Colin and Septimus from THE DARKLING THRUSH
Septimus invited me to his home for the Yule Feast. I thought perhaps there would be a party, and I told myself I wouldn’t mind that. This would be my first and only Yule spent across the
and I might as well see how a traditional feast was properly done. Great
But I can’t deny I was pleased to discover that Septimus and I were spending the afternoon alone. I was tired of being looked at and whispered about by my colleagues at Leslie’s Lexicons. There was no need to pretend with Septimus.
Besides. Septimus was…Septimus. I was happy to spend every moment I could with him.
“I brought you this,” I told him, handing over a bottle of mulled wine.
Septimus smiled and kissed me – right there in front of his butler. “We’ll have it after our dinner.”
I smiled too because I knew that meant we would be spend the night together.
The meal was indeed a feast. We started with raw oysters, supped right out of the shell. Then bouillon that tasted of wild herbs and venison.
was next, served cold and dry, and pâtés made from veal and goose livers. Champagne
I knew roasted boar was the most traditional of Yule suppers, but I was relieved when the brownies carried in a large platter with roasted goose. The goose was golden brown and tender, stuffed with sage and onion and pine nuts. There were small potatoes in a white sauce, exotic roots and vegetables, and cranberry and orange sauce.
“I can’t eat another bite,” I told Septimus, pushing my plate away at last.
He laughed as though this were nonsense, and I suppose it was since after that I consumed my fair share of plum pudding, chocolate truffles, cheese and nuts and biscuits.
When we finally pushed away from the table, I was convinced I wouldn’t need to eat for a week.
“I expect you’ll be hungry enough by breakfast,” Septimus said slyly, and I felt my face warm.
He led the way to his library. I had been in that wonderful room several times, but that afternoon, he reached behind one of the old, rich tapestries, and one of the towering shelves slid soundlessly away to reveal the entrance to another smaller room. I followed Septimus through that low doorway. There were two brocade chairs, a small round table, an old-fashioned lamp, and all four walls lined with books. Very old, very valuable books.
Septimus chose several volumes while I gazed around myself in awe.
“No.” He smiled faintly.
“Do you keep them for the texts or Perusing their previous owners?”
“It depends. On the text and the owner.” He handed me a gilt-edged volume. “Go ahead and Peruse to your heart’s content.”
“Truly? You don’t mind?”
Septimus nodded. “We’ll spend all day here if you like.”
There followed one of the happiest afternoons I can ever recall. The books in that secret library were a treasure chest of fabulous sights and sounds and smells…sometimes the jewel was the text. Sometimes the rush came from the imprint of a powerful previous personality.
Necile gathered the softest moss in all the forest for Claus to lie
upon, and she made his bed in her own bower. Of food the infant had no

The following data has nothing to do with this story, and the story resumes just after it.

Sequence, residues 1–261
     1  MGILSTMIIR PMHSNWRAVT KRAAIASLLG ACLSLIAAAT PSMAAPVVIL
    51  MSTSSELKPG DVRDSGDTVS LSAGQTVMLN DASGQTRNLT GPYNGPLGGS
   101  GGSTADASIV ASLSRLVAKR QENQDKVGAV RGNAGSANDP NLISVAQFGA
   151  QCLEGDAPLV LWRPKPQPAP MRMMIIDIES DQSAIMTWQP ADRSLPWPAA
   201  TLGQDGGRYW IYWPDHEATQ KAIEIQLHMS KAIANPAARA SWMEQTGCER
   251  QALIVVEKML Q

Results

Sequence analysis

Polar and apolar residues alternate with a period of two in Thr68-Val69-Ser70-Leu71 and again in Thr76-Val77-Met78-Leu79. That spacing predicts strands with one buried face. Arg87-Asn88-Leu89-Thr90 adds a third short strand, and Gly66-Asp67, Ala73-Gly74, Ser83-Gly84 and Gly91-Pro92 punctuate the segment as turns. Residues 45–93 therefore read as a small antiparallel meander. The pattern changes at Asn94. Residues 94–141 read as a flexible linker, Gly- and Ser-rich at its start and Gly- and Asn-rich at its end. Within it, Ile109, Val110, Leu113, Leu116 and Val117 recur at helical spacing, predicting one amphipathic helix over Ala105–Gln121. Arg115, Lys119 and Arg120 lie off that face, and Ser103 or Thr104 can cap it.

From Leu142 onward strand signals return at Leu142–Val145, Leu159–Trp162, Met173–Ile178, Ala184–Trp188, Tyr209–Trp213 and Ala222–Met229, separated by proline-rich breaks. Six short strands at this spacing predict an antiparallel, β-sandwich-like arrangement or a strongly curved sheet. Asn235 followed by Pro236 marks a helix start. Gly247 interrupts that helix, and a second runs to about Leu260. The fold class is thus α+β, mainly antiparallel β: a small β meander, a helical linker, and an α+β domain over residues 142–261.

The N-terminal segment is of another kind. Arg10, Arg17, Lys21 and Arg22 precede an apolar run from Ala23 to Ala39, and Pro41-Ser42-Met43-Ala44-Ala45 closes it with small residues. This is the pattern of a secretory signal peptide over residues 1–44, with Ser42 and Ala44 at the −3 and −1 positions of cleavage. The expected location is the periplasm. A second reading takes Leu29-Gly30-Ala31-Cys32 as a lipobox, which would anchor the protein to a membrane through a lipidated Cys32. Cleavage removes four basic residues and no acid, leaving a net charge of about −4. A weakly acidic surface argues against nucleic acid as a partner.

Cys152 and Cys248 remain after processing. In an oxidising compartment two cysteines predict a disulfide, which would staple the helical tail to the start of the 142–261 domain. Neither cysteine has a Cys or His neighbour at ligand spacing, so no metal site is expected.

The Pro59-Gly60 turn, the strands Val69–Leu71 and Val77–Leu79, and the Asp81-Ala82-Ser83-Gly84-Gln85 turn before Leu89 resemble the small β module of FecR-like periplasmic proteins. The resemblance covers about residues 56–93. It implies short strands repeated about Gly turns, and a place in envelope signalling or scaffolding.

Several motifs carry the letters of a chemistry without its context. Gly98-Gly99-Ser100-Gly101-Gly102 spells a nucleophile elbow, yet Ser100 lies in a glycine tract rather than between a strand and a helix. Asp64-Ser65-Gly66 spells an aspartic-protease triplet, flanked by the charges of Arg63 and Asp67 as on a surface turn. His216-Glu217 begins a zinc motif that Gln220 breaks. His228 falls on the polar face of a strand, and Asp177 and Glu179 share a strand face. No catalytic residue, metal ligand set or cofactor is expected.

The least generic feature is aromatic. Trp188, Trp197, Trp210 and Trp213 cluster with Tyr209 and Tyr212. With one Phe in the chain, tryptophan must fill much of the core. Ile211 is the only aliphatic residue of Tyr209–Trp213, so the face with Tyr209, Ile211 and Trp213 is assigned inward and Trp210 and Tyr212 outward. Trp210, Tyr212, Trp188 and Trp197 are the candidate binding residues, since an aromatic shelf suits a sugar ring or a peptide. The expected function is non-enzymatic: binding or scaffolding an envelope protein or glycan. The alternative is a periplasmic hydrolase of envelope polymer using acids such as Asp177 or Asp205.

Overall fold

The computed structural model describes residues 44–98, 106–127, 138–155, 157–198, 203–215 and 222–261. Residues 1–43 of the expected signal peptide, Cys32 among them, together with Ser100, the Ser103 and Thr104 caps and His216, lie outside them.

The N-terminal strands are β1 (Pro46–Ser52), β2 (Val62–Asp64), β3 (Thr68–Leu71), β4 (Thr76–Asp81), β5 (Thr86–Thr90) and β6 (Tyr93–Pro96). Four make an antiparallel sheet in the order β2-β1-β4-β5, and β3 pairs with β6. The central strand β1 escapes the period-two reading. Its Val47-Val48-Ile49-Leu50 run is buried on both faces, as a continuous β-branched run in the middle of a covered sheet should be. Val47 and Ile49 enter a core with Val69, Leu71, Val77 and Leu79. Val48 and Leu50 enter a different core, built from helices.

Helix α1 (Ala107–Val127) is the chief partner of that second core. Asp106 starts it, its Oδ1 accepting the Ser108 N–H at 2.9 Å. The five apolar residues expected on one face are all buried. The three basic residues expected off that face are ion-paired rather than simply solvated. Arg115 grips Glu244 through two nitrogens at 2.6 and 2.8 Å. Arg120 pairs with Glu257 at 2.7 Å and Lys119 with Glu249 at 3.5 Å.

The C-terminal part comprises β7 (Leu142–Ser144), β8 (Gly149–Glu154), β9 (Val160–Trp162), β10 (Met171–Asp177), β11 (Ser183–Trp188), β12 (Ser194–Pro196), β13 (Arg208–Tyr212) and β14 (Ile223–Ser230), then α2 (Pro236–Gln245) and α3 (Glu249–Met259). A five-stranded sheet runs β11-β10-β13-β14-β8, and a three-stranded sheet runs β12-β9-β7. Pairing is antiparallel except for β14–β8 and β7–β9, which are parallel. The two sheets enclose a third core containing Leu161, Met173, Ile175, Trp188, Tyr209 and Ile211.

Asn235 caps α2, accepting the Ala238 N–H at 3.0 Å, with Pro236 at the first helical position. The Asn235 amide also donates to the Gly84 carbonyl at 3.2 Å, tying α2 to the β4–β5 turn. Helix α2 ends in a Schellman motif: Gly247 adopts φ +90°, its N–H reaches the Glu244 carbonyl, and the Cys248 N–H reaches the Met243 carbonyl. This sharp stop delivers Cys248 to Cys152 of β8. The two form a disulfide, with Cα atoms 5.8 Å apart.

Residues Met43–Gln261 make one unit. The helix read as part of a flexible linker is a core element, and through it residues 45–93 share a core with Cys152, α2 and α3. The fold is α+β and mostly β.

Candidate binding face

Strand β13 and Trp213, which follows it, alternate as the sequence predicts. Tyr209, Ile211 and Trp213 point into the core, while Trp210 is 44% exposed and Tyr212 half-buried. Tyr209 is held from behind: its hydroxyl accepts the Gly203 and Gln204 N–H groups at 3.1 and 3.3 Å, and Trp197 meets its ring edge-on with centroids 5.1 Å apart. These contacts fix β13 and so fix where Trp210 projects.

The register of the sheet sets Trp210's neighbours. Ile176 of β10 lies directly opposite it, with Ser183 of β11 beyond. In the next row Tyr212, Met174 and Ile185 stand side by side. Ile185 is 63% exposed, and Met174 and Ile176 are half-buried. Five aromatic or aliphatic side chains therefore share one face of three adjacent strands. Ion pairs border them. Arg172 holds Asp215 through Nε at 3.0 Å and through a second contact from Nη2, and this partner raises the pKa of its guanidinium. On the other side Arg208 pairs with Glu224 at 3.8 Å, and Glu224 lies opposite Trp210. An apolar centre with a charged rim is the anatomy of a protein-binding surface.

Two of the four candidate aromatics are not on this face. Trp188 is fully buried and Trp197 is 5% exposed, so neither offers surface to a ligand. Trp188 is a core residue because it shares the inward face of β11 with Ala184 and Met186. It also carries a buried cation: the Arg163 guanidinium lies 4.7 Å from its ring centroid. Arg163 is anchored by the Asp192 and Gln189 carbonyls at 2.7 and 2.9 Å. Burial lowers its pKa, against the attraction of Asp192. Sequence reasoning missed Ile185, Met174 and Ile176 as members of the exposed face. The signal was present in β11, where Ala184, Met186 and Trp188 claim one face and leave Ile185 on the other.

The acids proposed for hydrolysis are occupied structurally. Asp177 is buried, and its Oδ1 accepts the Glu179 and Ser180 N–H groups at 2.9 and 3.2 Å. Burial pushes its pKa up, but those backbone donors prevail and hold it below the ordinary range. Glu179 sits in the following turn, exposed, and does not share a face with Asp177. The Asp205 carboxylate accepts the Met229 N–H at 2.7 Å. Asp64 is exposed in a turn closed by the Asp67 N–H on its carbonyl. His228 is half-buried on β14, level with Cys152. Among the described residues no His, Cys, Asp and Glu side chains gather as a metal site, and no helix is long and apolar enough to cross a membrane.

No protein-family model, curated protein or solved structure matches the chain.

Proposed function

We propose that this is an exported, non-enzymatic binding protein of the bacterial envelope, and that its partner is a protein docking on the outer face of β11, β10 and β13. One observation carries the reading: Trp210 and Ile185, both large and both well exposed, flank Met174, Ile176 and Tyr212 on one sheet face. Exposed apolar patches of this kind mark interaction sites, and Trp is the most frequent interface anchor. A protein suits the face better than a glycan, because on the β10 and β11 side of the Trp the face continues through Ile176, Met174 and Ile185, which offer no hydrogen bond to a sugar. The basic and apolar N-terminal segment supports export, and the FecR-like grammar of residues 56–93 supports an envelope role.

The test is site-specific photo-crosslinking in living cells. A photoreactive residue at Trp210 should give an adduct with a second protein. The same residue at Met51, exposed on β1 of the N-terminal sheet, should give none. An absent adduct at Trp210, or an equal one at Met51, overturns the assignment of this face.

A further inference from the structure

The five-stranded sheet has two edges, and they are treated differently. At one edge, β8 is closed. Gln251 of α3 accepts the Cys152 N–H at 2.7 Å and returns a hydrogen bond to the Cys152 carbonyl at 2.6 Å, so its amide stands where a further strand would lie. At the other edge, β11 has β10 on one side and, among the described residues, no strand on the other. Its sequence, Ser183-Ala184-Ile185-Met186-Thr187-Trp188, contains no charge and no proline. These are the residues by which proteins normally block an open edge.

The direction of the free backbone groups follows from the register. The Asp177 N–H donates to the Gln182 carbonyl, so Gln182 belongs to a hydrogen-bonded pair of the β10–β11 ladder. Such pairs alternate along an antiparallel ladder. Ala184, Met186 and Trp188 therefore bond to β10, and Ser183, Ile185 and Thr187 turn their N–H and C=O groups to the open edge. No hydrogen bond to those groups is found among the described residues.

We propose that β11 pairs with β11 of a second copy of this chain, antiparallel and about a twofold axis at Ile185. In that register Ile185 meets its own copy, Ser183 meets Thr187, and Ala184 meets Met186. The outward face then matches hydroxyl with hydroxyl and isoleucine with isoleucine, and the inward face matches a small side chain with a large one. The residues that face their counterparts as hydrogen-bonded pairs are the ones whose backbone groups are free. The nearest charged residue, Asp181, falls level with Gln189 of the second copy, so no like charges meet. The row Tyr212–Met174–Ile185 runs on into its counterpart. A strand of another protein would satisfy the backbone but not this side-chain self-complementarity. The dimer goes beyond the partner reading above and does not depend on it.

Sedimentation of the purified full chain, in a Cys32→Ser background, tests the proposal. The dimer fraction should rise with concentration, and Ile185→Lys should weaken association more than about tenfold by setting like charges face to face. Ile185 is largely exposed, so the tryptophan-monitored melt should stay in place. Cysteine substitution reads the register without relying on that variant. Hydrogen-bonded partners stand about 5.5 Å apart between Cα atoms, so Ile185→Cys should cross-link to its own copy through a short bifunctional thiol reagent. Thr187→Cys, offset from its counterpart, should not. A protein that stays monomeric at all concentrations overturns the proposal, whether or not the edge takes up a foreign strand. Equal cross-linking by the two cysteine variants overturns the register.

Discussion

lack. The nymphs searched the forest for bell-udders, which grow upon
the goa-tree and when opened are found to be filled with sweet milk.
And the soft-eyed does willingly gave a share of their milk to support
the little stranger, while Shiegra, the lioness, often crept stealthily
into Necile's bower and purred softly as she lay beside the babe and
“That’s sweet,” I murmured, turning the browned page. I could feel many small ghostly hands turning the pages with me. Their smiles and laughter were like sunlight.
“Try this one,” Septimus said.
I closed my eyes and rested my hand on the cover. This one had lain forgotten many years in a dusty attic. The imprint of previous readers was very faint. Twin sisters…an elderly collector…
The young man came swinging along, debonairly; he was whistling under his
breath. He was a dapper figure in a long coat and a silk hat, under which
the candles lighted a rather silly face. When he reached the spot in the
sidewalk where the Flanton Dog lay, he paused a moment looking down. Then
he poked the object with his stick. On the other side of the street a
mother and her little boy were passing at the time. The child's eyes caught
sight of the dog on the sidewalk, and he hung back, watching to see what
the young man would do to it. But his mother drew him after her. Just then
an automobile came panting through the snow. With a quick movement Cooper
picked up the dog on the end of his stick and tossed it into the street,
under the wheels of the machine.
“Overwhelming after a time, isn’t it?”
“A little. They’re nearly unspoiled they’ve been so little touched since their last reading.”
“One more then.” He handed the final book. The cover was of faded blue and amethyst silk, patterned with lotus and lilies. When I took the book in my hands I felt a faint and funny tingling. I looked at Septimus in surprise.
His smile was almost rueful.
I turned the pages gently, but the book fell open to the place where it had been most read.
Juventius, if I could play at kissing
your honeyed eyes as often as I wished to,
300,000 games would not exhaust me;
never could I be satisfied or sated,
although the total of our osculations
were greater than the ears of grain at harvest.
I looked at Septimus and he cleared his throat a little self-consciously. “I knew you would have no difficulty Perusing that one.”
I smiled and turned out the lamp.